The Coast Guard added that “the sheen is not feasible to recover and does not pose a risk to the shoreline.” One government expert said the thin sheen, just microns thick, was 3 miles by 300 yards on Wednesday.
Some oil drilling experts said it was unlikely that BP’s Macondo well, which suffered a blowout on April 20, 2010, was leaking again given the extra precautions taken when it was finally sealed after spilling nearly 5 million barrels of crude into the gulf.
BP declined to comment. But a BP internal slide presentation said the new oil sheen probably came from the riser, a long piece of pipe that had connected the drilling rig to the well a mile below the sea surface.
The presentation said that “the size and persistence of this slick, the persistent location of the oil slick origin point, the chemistry of the samples taken from the slick ... suggest that the likely source of the slick is a leak of Macondo ... oil mixed with drilling mud that had been trapped in the riser of the Deepwater Horizon rig.”
But Ian MacDonald, a professor of oceanography at Florida State University and a spill expert, cautioned said that the origin of the new oil remains uncertain. “The jury is out here,” he said, adding that it was too early “to rule out that this is oil freshly released from the reservoir.”
The sheen, located about 50 miles off Louisiana’s shore in the Mississippi Canyon block 252 where the Macondo well was drilled, was detected in satellite images taken on Sept. 9 and Sept. 14. The Coast Guard said the size of the sheen has varied with weather conditions.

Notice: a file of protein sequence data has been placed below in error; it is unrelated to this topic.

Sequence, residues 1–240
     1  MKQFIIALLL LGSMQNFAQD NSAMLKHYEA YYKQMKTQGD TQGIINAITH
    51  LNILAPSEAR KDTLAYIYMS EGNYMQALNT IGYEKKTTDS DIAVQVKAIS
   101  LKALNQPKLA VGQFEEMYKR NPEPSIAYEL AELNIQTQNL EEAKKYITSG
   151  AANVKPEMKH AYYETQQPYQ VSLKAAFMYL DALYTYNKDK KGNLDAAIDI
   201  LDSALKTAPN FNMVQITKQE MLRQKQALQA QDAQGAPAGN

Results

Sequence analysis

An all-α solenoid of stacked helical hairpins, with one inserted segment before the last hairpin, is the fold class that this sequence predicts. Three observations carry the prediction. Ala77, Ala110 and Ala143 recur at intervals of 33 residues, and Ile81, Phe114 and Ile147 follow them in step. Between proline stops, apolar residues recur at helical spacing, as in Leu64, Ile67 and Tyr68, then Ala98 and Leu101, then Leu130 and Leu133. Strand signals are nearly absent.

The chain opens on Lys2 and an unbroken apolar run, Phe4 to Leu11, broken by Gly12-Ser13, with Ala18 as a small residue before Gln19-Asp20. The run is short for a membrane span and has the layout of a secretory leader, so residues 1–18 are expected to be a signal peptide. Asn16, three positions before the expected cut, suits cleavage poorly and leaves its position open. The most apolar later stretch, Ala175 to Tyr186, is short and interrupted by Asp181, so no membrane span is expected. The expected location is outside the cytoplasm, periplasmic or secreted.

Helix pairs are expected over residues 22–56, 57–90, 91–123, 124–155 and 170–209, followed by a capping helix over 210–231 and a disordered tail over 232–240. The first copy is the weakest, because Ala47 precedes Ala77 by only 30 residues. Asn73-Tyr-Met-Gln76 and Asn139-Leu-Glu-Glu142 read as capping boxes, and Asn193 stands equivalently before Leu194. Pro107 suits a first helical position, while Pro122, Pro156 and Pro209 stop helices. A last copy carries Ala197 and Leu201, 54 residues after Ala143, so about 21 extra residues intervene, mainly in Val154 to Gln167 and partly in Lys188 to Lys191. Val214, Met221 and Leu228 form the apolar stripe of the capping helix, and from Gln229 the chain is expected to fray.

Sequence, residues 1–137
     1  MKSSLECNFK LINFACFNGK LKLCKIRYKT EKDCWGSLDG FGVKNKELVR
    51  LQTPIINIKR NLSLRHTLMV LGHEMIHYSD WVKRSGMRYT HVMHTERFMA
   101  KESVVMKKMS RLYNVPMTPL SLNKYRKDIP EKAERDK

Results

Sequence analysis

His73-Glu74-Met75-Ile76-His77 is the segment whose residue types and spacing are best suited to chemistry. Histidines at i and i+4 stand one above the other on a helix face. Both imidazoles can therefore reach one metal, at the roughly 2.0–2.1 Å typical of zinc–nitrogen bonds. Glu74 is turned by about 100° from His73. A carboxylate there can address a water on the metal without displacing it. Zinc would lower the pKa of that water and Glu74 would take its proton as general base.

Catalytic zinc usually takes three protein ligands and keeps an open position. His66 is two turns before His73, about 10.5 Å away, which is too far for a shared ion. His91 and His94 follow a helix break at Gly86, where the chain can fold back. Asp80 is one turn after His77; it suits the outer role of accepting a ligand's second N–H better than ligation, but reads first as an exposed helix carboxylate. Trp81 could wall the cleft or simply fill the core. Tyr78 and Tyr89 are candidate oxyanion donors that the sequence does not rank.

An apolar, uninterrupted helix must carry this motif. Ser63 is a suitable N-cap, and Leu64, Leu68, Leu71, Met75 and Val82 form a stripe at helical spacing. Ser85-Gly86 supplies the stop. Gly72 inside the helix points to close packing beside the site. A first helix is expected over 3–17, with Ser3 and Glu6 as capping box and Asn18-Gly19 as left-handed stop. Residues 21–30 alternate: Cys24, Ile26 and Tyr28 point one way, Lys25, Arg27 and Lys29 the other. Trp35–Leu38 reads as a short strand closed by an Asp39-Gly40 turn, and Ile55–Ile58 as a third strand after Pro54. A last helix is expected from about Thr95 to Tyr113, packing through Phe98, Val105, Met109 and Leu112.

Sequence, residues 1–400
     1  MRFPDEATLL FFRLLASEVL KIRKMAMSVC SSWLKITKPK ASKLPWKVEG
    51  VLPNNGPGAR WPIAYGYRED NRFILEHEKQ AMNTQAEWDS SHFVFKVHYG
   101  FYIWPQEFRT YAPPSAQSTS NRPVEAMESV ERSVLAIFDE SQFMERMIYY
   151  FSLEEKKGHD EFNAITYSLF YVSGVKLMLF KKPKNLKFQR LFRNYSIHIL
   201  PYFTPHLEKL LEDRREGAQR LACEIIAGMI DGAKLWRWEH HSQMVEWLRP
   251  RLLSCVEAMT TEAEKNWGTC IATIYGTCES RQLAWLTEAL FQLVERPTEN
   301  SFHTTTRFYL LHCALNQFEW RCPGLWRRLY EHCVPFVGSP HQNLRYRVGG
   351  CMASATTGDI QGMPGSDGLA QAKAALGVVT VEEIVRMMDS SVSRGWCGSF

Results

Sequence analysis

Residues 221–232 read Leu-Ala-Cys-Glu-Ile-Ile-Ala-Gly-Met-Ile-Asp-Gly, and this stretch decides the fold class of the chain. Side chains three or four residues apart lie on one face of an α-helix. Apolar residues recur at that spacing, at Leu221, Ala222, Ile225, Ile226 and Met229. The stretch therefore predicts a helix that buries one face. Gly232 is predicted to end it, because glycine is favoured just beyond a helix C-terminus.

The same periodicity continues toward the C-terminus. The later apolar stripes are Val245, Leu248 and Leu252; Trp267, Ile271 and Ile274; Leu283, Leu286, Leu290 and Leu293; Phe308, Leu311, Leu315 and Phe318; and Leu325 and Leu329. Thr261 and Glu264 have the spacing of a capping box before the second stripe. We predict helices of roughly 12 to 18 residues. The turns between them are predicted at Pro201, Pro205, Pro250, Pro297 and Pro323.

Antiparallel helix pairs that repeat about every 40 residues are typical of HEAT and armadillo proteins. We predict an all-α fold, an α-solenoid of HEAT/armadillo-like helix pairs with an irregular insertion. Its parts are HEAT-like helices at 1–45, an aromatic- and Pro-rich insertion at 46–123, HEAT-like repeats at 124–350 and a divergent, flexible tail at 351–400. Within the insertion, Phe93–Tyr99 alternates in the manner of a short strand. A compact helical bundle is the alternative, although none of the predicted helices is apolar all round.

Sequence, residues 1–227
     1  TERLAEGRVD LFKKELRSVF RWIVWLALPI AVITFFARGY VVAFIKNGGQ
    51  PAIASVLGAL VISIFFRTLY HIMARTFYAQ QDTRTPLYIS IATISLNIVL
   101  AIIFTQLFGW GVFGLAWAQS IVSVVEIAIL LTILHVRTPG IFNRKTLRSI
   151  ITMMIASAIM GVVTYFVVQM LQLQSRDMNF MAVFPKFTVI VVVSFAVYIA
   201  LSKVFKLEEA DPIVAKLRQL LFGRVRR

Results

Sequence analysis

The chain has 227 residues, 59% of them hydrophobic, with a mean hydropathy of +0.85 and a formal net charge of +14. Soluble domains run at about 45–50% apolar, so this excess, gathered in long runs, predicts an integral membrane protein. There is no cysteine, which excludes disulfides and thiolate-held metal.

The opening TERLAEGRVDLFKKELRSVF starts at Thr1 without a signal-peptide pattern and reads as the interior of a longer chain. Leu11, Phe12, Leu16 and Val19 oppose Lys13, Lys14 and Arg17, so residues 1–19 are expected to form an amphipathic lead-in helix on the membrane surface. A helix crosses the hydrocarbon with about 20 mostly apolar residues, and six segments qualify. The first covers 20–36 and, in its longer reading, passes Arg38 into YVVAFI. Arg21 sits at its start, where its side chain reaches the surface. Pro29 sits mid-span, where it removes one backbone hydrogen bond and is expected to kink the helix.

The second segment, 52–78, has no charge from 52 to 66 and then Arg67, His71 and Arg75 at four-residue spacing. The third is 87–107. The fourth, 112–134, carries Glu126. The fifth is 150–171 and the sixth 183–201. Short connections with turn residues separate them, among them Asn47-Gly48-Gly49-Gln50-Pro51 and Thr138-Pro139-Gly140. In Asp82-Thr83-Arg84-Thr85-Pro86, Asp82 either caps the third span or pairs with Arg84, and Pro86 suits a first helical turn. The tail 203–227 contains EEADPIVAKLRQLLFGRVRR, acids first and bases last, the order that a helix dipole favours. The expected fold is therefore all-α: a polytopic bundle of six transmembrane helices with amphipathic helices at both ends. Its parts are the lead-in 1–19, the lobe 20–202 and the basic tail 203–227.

Samples of the crude were collected and sent to a Coast Guard laboratory in New London, Conn. On Tuesday, the Coast Guard told BP and Transocean, owner and operator of the Deepwater Horizon drilling rig that caught fire and sank, that the oil from the sheen and spill matched.
In a meeting Wednesday, the Coast Guard told the companies to come up with a plan of action for determining the source. “No one’s 100 percent as to where it’s coming from,” said Frank Csulak, scientific support coordinator for the National Oceanic and Atmospheric Administration.
Since the disaster in 2010, which killed 11 workers, the wreckage of the massive rig, the crumpled riser and some hardware used in the attempt to kill the well have remained on the gulf floor. T
An August 2011 investigation, which came after oil blobs were observed on the surface and which included a visit to the wellhead by a remotely operated vehicle, turned up no sign that the well was leaking. That inspection was conducted by BP with federal government officials observing the process.
Nonetheless, there have been persistent rumors and allegations on blogs that Macondo is not truly dead, and that it is continuing to spew oil into the gulf.
Marcia McNutt, director of the U.S. Geological Survey, said a rough calculation showed that the riser, if full of oil, could hold about 1,000 barrels of oil. Because it’s open on two ends it is unlikely to have that much oil, she said.
McNutt said it’s unlikely that oil came from the deep reservoir. The well was plugged from both the top and the bottom, and has a mile of cement crammed into it.
“With what we did to it, it’s pretty hard to imagine, ” McNutt said.